After being relentlessly hounded by a spamming chocolate marketer — which conjured up horrific mental imagery of Augustus Gloop — we are capitulating. We will inform you that today, Saturday, is National Chocolate Covered Anything Day. We are not complaining; it is the one-day where no one can question our obsession. Want to drizzle chocolate over your salad? Go right ahead, it is Chocolate Covered Anything Day! Add chocolate to your morning oatmeal? That is a brilliant idea. Eat chocolate covered sandwiches for lunch? You are in the spirit of the holiday. Want a flight of five chocolate craft beers? Done. We present Craft Beer Crosscut 12.16.17: A Flight of Chocolate.
8.5% ABV, 13 IBU
Frambozen was one of New Belgium‘s most recognized, longest-running beers — that is, until the brewery stopped bottling it two years ago. But New Belgium brought it back with an imperial version of the beer. The original beer “starts off as Abbey, but our brewers swap out Abbey’s Belgian yeast for another house yeast strain,” New Belgium has said. “After primary fermentation, the beer is blended with raspberry juice from the Pacific Northwest, resulting in a invigorating tart, fruity pour with a nutty, caramel malt backbone.” This year, though, comes in at a much higher ABV and will benefit from the addition of 70 percent pure dark Ghana cocoa husks, locally roasted and ground by Nuance Chocolate in Fort Collins, Colorado. It’s not overly fruity or even jammy, just even keeled, like a soft cocoa brown ale with gentle raspberries, but still has a nice mellow sweetness about it.
5% ABV, 28 IBU
Samuel Smith’s has always brewed the old-fashioned way and the British operation still pulls water from its original well dug in 1758. Its Organic Chocolate Stout pours dark brown with a thin, khaki head. Light oatmeal and bready aromas lift to the nose, reminiscent of rising dough. On the tongue, this brew’s complex and, with its oatmeal character, has a decidedly cookie quality to it: It’s silky-smooth across the tongue, but also deep and grainy in the flavor. It’s velvety and delicious, with creamy chocolate milk, chocolate syrup and cocoa powder dancing on the tongue. The brew sinks into the mouth and finishes sweet and full.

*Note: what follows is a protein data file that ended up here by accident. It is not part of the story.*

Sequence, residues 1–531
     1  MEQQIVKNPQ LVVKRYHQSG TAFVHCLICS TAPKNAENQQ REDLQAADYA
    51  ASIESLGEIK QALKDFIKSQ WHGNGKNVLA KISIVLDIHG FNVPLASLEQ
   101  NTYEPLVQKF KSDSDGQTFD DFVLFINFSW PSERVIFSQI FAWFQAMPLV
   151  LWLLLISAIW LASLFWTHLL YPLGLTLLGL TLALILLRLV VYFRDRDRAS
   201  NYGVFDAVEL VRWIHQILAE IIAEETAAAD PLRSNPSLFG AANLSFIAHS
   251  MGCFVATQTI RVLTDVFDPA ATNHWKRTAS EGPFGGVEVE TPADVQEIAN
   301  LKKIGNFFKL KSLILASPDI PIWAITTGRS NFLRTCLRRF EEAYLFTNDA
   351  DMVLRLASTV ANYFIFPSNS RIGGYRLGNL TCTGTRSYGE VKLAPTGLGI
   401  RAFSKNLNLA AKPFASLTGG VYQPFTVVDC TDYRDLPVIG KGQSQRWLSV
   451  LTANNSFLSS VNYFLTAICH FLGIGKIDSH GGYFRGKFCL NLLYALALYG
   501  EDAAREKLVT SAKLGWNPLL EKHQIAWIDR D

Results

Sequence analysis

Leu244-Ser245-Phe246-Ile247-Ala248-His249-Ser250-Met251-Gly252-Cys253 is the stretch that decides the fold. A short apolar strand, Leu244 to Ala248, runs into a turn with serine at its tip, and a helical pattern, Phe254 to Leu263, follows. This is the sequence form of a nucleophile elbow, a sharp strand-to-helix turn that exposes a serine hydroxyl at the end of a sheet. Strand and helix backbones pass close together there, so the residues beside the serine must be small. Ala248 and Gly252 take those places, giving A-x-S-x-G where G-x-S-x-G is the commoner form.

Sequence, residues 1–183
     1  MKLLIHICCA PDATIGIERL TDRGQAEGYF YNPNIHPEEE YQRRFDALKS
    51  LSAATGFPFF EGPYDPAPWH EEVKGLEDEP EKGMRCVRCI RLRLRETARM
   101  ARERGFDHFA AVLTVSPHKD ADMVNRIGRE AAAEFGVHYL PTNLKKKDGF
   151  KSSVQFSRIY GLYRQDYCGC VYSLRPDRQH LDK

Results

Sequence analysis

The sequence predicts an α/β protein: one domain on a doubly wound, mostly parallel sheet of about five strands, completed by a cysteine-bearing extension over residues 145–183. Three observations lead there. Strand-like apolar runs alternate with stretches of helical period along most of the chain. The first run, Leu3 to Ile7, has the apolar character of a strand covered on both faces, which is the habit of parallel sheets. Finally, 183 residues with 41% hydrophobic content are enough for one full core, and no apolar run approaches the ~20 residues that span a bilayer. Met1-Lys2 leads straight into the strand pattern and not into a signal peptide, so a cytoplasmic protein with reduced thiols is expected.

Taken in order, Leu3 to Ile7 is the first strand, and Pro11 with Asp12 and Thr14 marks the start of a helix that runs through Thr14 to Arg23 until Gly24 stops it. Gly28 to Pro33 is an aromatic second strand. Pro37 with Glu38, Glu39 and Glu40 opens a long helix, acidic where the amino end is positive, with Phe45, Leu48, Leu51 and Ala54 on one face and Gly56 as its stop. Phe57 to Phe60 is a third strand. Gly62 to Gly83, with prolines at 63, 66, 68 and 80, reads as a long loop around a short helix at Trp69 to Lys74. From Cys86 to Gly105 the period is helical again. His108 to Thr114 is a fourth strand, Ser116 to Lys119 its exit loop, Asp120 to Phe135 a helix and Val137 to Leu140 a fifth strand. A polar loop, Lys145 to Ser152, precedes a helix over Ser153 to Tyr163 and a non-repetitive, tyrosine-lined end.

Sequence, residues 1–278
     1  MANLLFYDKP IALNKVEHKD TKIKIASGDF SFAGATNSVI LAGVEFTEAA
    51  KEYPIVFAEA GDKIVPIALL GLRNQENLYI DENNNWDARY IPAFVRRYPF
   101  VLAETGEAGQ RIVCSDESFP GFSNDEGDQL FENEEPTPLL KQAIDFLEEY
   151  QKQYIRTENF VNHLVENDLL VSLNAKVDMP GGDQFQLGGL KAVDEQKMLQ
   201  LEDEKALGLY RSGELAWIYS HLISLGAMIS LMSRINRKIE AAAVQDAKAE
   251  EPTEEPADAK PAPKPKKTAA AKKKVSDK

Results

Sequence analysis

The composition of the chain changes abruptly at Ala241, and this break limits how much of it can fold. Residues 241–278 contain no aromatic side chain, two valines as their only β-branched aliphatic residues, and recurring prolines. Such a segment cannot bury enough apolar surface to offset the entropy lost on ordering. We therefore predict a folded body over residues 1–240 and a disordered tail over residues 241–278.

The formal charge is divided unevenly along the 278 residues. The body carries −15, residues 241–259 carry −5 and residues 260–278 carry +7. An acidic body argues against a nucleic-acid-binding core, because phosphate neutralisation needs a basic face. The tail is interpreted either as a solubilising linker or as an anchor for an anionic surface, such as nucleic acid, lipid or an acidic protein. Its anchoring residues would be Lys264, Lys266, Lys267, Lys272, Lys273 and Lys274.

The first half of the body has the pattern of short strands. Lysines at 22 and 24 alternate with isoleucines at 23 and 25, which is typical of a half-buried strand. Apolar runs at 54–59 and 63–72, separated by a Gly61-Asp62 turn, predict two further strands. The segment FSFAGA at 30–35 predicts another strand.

5.9% ABV, 39 IBU
Boulder Beer Company’s Shake Chocolate Porter (Boulder, Colorado) tastes like a chocolate shake with its rich chocolate aroma and velvety mouthfeel. This beer, which took home a gold medal in the Chocolate Beer category from the 2014 World Beer Cup, is brewed with five different grains, including chocolate wheat, and has added cacao nibs. It’s chocolaty, but the swallow’s still crisp and clean; milky chocolate notes connect with traditional porter roast and ride a cola-like mouthfeel all the way down.
11.8% ABV, 42 IBU
Walking Man Brewing Jaywalker is back for the first time since 2013. Big, rich, chocolate flavors dominate your mouth while a bit of alcohol heat lightens up the finish. This beer won a World Beer Cup Bronze in 2010, the last time the Stevenson, Washington brewery competed there. The aroma is bold with burnt toffee, thick, deep and rich dark fruity esters, fudge brownie and black strap molasses. The taste is similar with burnt toffee, nice and rich dark fruity esters like prunes and berries to go along with a bit of a honey sensation. Into midway and rolling into the finish it picks up delicious chocolate and fudge.
13% ABV, 50 IBU
Vermont brewery Casita Cerveceria traveled to Baltimore, Maryland to brew this black as night imperial stout at Stillwater Artisanal. Oh, but it doesn’t smell like motor oil but instead coffee, burnt toast, dark chocolate and a little marshmallow, all woven between strong alcohol tones. We placed this delicious treat at the end of the flight as it warms complex licorice, bold earthy bitterness, chocolate, earthy vanilla, faint smoke and caramel fudge come forth. It finishes long with an intense and heavy mouthfeel — almost like a milkshake — slightly vinous for the style, with a smooth but firm alcohol warmth. There’s enough carbonation to push the beer along and make it dangerously, DANGEROUSLY drinkable for 13 percent.